If you ever find yourself in need of a haircut in South Korea, get one from one of the best. In Sae Eeyongwon, Seoul, you can find the first female Korean barber who has yet to set down her clippers.
A look into that South Korean Barber Life
Lee Duk-hoon is known as one of the oldest barbershops in town; it’s been open since 1975. If you ever get your haircut from her, you’ll notice that some of her tools may even be older than you! One of her straight razors–German Made, Steel blade–is almost 60 years old.
Lee Duk-hoon is now 88-years-old. She started cutting hair alongside her father when she was 19, before receiving her barber license in 1958.
This makes her license about 62-years-old.
When she first started cutting hair, many people did a double-take–they never imagined a woman working in a male-dominated industry. If a woman did earn money, she was usually a nanny, a bartender, or becoming a prostitute around the US military base.
Duk-hoon was unaware of this when she was younger. All she knew was her dad and his clippers.
In a time where women were believed to just stay at home, Lee Duk-hoon set that expectation aside. In fact, she hardly even thought about how she was the first female barber. Her priority was feeding her six siblings, her husband, and four children.
“It’s just so much fun,” stated Duk-hoon.
“Life is a machine that depends on who uses it. Look, I’m old but I still run great.”
Duk-hoon has set quite a name for herself to the point where she would have several famous figures come by.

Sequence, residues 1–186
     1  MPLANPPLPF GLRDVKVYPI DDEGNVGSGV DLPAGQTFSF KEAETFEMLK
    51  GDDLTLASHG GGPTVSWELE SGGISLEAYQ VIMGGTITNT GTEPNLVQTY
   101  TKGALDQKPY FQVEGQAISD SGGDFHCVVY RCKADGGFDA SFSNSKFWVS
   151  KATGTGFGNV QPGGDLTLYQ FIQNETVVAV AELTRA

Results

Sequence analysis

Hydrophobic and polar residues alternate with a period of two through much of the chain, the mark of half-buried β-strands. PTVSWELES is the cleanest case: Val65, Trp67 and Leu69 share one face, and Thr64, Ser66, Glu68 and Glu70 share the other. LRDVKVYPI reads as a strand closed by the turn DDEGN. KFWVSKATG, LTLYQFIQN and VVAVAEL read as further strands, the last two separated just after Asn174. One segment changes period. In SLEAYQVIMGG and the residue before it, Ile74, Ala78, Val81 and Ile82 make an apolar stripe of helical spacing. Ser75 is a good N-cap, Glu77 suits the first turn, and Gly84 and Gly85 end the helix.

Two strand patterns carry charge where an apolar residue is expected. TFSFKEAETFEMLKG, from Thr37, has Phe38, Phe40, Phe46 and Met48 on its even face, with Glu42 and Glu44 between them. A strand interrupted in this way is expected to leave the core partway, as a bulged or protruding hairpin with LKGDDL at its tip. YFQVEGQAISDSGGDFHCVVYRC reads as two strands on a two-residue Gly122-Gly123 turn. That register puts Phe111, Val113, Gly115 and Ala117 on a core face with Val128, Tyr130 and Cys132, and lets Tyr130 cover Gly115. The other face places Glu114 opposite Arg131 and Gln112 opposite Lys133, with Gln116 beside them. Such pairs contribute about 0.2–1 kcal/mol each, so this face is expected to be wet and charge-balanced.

These famous figures include Doohan Kim (a Korean politician who was a known mob boss) and Joonyung Jung (the founder of Hyundai Group) as well as several central figures in the Korean Government.
“Nervous? Why would I be nervous?” said the female barber.
“They’re just customers. If they’re being picky, I just run them away”
Talk about a woman who isn’t afraid to stand up for herself.
Her regulars tend to vouch for her, each one harboring the same opinion: she’s just the best.
With her thorough cuts and great socialization skills, there’s no reason to even think about ditching her business. Since her salon’s opening, her prices have not gone down once in the past decade.
Her services start at about 10,000 won or $8 per cut and even lower for seniors and neighbors with cerebral palsy.
Despite business going down due to COVID-19, she is still satisfied with her clientele. As long as she could pay her bills and buy food, she was more than happy to keep the prices the same.
“I just need my regulars,” Lee said. “It’s not like I’ll be taking anything with me when I go.”
A humble life and even humbler beginnings, Lee Duk-hoon sets the bar for showing loyalty to her craft. Maybe it’s time for one of us to get a haircut from her too.